Stumpo’s Surprise and Howard’s Look Back

The look in his eyes and the breathlessness in his voice kind of gave it away.  Bob Stumpo was the new kid in town.

Among the likes of Ryan Howard, Raul Ibanez, Ross Gload and even Cory Sullivan, there was the 23 year old kid named Stumpo.  McKechnie Field was his candy store Saturday.

A 33rd round pick by the Phillies out of Division-III West Chester last June, Stumpo’s born and raised a Philadelphia fan.  His family lives just a half hour outside the city in Delaware.

Stumpo made his pro debut in the Gulf Coast League in 2010, playing four games before being promoted to A-Advanced Clearwater after an injury to Joel Naughton.  He started his second game with the Threshers and played against the Marauders July 15th, his first of now two trips to McKechnie.

The second one came Saturday when the Phillies put Stumpo on the big league taxi squad, shuttling him from minor league camp to play against the Pirates.

“It’s unbelievable actually,” Stumpo said of spending the day with the big club.  “It’s a dream come true.  It’s what a lot of young guys look forward to their entire life.”

Stumpo was one of three catchers on a split-squad Phillies team with Erik Kratz (a former Pirate) and Tuffy Gosewisch.  He was one of seven minor leaguers Philadelphia brought to Bradenton though he didn’t get into the game.  Kratz took the start and Gosewisch came off the bench, but just being there for batting practice was enough of a treat.

“I was standing in right field and Ryan Howard was hitting,” Stumpo said.  “I’ve been watching Ryan Howard on TV as a fan for a long time now.”

Stumpo knows the call-up is only a temporary move and that tomorrow he’ll likely be back in minor league camp.  His placement in the minors for 2011 is still unknown, but Stumpo’s grateful not only for Saturday’s brush with bigs but also his time with the Threshers last season.  In 18 games the rookie picked up six hits and an RBI.

“Not too many guys get to go up that quickly,” Stumpo said.  “There was an injury and they needed and extra spot and it just happened that I got to stay.  It’s a humbling sport that’s for sure.  You just have to keep learning.  Going up to Clearwater and High-A right away I learned a lot from the pitching coaches.  I learned a lot from the manager.  I learned a lot from other guys on the team.”


Jordan Ellis is famous in McKechnie Field lore for the hits he didn’t give up.  Just promoted from Low-A Lakewood last summer Ellis took the loss in the sixth of seven wins the Marauders had over the Threshers.  It also just so happened that Bradenton beat Ellis in the ninth inning without a hit.  The Marauders scored on a strikeout in the dirt, walk, sac bunt, sac fly and wild pitch.  The final was 8-7.

“Yeah, it was [nuts], but that’s part of the game,” Ellis said.  “You never can expect to win a game even when you’re up because things change quickly.”

Just out of his second full pro season Ellis, also a Philadelphia native and Villanova product, got a kick out of the big league experience.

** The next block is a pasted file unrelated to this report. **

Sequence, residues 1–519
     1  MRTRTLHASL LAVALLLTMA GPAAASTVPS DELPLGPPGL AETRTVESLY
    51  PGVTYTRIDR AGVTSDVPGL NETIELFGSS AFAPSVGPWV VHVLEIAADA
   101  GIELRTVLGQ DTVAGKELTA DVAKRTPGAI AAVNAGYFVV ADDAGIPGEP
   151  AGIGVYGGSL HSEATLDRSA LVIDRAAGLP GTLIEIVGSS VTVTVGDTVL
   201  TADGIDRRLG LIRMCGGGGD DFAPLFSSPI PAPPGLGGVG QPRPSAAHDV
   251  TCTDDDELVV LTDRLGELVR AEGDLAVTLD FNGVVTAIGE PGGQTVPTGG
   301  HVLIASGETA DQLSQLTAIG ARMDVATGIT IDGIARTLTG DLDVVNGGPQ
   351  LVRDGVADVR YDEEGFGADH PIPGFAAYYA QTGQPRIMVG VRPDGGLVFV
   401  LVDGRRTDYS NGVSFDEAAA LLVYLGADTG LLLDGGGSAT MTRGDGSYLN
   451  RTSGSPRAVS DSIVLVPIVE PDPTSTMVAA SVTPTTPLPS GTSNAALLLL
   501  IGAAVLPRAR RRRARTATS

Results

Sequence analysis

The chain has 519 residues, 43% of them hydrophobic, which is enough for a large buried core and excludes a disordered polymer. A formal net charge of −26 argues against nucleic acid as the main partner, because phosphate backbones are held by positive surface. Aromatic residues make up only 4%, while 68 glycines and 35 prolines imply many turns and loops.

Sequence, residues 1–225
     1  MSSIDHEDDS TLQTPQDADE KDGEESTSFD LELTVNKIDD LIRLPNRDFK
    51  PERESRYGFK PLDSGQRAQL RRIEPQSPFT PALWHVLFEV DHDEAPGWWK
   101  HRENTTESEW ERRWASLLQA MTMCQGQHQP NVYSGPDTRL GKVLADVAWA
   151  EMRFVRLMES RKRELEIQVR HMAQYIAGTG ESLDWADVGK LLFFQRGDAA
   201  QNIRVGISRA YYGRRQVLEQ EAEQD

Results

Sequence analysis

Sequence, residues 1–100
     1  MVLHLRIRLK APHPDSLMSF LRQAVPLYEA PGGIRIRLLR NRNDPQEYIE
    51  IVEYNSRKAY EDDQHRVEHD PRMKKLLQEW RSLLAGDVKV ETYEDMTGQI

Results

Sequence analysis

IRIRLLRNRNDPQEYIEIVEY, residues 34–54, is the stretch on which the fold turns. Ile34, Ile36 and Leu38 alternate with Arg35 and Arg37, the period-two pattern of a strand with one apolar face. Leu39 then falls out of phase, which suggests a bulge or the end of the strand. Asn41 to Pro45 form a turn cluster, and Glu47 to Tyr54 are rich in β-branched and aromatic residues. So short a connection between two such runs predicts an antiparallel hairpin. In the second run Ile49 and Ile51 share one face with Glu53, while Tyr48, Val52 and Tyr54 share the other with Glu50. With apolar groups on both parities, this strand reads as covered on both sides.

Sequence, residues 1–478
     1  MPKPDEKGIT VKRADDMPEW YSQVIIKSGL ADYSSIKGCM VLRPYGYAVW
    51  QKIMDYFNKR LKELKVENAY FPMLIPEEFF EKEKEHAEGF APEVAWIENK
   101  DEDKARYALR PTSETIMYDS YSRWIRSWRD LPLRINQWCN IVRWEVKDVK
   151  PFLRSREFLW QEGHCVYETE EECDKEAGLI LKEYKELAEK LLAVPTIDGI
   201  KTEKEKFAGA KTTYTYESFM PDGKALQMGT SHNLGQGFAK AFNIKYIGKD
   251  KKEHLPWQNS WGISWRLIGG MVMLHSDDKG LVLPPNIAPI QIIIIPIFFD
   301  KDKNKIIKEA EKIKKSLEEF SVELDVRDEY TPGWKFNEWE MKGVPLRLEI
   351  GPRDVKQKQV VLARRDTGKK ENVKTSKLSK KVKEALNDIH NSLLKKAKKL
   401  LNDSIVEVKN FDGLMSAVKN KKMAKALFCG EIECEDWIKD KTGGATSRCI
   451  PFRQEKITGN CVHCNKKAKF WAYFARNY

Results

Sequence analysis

“It’s a good experience anytime somebody in minor league camp can get involved with big league camp and pick their brains and see how it really is up here,” Ellis said.  “I’m just trying to take it all in and talk to everyone and see how everything goes.  I guess it will help me relax someday.”


It was a long while back that Phillies first baseman Ryan Howard played in the Florida State League in 2003.  Howard won league MVP and torched opponents to the tune of a .304 average, 23 homeruns and 82 RBI.  The season, his third, marked his best as a pro.

“For me I was just being me,” Howard said.  “I guess everybody else will look at it in a different light but I was just out there playing ball, doing me.”

And that’s the advice Howard has for other Florida State Leaguers and minor leaguers in general.  Just don’t put too much pressure on yourself.

“Sometimes you’ll catch yourself kind of thinking too much,” Howard said, “and then sometimes you just have to let it go and go out there and swing just kind of let what happens happen.”

As for the biggest perk of playing in the FSL?

“You got to sleep in your own bed every night,” Howard said.  “All the towns were very close.  We played Dunedin and Tampa.  Fort Myers was one of the only teams we had to stay overnight within our division.”

The less than good?

“It was hot,” Howard said.  “You get a lot of rain and you have to be very patient.”

In something of a light moment I asked Howard about the show he put on at the ’03 home run derby in Fort Myers.  Kris Koch, a former Assistant General Manager for the Miracle and now a Pirates employee, informed me he was pretty sure Howard had won the derby.  The slugger was less sure (with a laugh).

Howard: I did alright.

Me: I thought you won?

Howard: I don’t think so. 

Me: Oh.  Then I guess I got bad information.

Howard: Then I guess I won.  I don’t know it was a while back.


I scoured the internet looking for the actual answer and failed.  So if you know the correct answer please let the both of us know.


Till next time…




About Joel Godett
Joel Godett is in his secod year broadcasting Bradenton Marauders baseball. His career has carried him from Syracuse to Buffalo, Roanoke, Cape Cod, Tampa and Bradenton. He is originally from New Jersey and somehow grew up an Atlanta Braves fan.

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